Fellow Spotlight: Dr. Rabiat Akande

This interview is part of our Fellow Spotlight series. This series features interviews with current and previous PIL Fellows, highlighting their work with the Program, their path getting here, and the road going forward. For more information on our Fellows, visit our website

Can you tell us a little bit about your background – where are you from, where did you pursue your education? And why?

I’m Nigerian and studied law (as an undergraduate degree) at the University of Ibadan and subsequently at the Nigerian Law School. Thereafter, I came to the US for graduate studies where I enrolled at Harvard Law School, first for the Masters program and subsequently for the SJD. I always wanted to be an academic and I was naturally drawn to graduate programs that offer rigorous programs as measured by the quality of their faculty, students, and overall research output. With those indices at the top of my mind, Harvard Law was, of course, an easy choice. 

What was your doctoral dissertation about? And your current book project? 

My dissertation explored the history of the struggles over religion-state relations in Colonial Nigeria, tracing the emergence of secular governmentality as a colonial technique of managing religion and religious difference. I examine the ways in which colonial secular governmentality not only transformed religious and specifically Islamic law and institutions but also heightened the legal and political significance of religious difference and in the process deepened cleavages. Right now, I’m concluding a book manuscript based on the dissertation, which is to be published by Cambridge University Press.

What are your current research interests? How did you first get interested in this research?

My research interests span the fields of legal history (Islamic legal history, comparative legal history, and British colonial legal history), law and religion, constitutional law, and African law and society. I’ve always been interested in the complex connections between law, faith, identity, and power, especially as that interplay has generated struggles that travel across space and time and that thread across the different fields I’ve highlighted above.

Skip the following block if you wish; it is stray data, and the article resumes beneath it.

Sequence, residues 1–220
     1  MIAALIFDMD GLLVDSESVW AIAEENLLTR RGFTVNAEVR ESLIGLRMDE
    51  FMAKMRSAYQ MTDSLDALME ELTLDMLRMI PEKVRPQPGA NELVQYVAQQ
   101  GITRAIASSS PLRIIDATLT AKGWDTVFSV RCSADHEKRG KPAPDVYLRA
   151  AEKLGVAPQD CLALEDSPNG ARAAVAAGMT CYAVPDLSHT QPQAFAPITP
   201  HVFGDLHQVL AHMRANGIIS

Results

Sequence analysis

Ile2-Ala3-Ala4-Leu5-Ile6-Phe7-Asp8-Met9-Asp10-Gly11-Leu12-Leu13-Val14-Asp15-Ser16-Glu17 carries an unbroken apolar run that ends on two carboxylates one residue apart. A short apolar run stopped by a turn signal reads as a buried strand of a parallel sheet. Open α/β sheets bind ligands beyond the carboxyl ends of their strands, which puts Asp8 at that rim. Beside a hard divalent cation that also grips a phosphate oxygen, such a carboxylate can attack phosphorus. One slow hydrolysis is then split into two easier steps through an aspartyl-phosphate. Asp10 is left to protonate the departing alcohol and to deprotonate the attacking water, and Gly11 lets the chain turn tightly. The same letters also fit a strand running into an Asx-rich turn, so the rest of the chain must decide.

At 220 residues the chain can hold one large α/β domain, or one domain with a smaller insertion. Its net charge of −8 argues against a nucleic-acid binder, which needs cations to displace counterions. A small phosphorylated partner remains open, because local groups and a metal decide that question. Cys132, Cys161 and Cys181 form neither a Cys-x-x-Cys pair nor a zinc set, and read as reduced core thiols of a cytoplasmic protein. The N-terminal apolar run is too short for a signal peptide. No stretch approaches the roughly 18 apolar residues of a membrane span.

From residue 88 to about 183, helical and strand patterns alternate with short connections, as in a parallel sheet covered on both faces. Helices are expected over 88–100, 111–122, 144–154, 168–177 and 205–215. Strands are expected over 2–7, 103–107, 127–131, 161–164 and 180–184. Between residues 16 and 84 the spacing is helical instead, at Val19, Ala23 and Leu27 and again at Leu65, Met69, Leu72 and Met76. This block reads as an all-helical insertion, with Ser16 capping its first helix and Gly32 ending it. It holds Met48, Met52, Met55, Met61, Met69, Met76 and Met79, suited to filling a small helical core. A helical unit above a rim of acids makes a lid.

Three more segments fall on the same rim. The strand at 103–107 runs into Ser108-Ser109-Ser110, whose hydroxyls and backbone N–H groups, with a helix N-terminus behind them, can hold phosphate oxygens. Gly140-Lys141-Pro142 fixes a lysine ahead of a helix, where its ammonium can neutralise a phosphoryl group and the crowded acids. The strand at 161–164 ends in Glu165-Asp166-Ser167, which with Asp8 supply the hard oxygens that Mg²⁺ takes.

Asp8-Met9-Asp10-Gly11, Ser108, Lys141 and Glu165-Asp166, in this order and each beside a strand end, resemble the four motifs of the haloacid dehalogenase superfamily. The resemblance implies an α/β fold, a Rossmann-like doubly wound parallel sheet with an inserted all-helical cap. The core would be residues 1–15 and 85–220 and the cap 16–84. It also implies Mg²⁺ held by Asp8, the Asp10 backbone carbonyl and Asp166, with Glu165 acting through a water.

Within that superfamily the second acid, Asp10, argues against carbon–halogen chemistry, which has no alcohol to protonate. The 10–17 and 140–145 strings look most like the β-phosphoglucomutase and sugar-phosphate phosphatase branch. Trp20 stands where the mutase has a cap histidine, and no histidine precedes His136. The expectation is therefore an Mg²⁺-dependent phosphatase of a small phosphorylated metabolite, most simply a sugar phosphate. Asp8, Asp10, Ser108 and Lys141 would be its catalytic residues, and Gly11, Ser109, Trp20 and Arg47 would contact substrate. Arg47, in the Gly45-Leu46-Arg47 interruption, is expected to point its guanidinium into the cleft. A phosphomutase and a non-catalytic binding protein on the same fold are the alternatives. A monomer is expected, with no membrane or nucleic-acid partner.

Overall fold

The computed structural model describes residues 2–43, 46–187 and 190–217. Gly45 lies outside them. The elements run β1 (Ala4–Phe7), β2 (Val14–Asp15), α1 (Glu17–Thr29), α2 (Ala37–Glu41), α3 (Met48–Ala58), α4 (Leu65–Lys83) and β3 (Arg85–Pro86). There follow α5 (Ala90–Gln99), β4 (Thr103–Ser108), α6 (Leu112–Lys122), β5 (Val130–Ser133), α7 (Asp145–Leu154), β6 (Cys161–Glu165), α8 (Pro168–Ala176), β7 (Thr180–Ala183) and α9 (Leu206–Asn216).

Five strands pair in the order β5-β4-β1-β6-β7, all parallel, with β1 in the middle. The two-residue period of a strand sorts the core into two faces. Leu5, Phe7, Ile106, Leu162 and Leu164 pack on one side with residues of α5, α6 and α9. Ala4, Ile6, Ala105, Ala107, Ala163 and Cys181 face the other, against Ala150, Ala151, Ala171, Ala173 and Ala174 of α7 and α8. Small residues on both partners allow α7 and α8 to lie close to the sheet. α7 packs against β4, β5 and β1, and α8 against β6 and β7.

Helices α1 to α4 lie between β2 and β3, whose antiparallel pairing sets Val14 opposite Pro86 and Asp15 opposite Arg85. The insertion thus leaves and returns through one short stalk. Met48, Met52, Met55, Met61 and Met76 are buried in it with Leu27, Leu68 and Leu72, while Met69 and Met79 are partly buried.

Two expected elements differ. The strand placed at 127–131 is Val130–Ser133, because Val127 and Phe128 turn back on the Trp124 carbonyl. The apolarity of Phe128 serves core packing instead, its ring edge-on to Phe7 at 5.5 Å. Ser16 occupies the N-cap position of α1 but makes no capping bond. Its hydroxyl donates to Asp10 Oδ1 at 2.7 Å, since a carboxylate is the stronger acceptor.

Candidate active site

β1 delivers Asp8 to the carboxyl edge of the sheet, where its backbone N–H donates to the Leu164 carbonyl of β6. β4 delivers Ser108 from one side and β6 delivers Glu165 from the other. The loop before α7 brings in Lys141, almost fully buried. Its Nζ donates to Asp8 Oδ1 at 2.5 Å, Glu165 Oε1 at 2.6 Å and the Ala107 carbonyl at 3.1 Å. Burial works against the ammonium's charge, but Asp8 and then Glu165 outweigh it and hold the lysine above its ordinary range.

Why did you apply to become a PIL Research Fellow?

I wanted to be a part of a community of scholars thinking about Islamic law both historically and in its modern manifestations and the PIL provided a wonderful opportunity for that. 

What project did you focus on as a Fellow at PIL?

I worked on a project that digitized legislation and judicial decisions on Islamic criminal law on Northern Nigeria. Beyond digitizing the primary materials, the project required summarizing the rationale of the judicial decisions and in some cases illuminating the background to the case. The project was a perfect fit given that at the time, I was writing a dissertation that drew on some of those primary materials.

What PIL resources did you draw on for your research?

It was particularly great working with and learning from Prof. Rabb. It was also a pleasure working with Phil Ostien. The SHARIAsource Portal was also very user friendly, which made the process far less exacting than I had thought it would be.

What do you find most exciting about the work? 

It was exciting to have the opportunity to take a step back and take stock of that body of primary materials and to figure out how to present it to the average non-specialist researcher or even non-expert member of the public.

Where did your research take you after your fellowship?

After the fellowship, I took on a residential fellowship at the Harvard Academy for International and Area Studies and subsequently joined the Osgoode Hall Law School faculty.

Any overall principle or saying that you draw on for inspiration or drive?

I’d say that it is faith, more than any other thing, that powers me.

What is a fun fact about you? 

Not so much a fun fact but non-‘work’ fact about me is that I’m a mum of two (a six, almost seven, year old son and a three year old daughter). That keeps me really busy.

Leave a Reply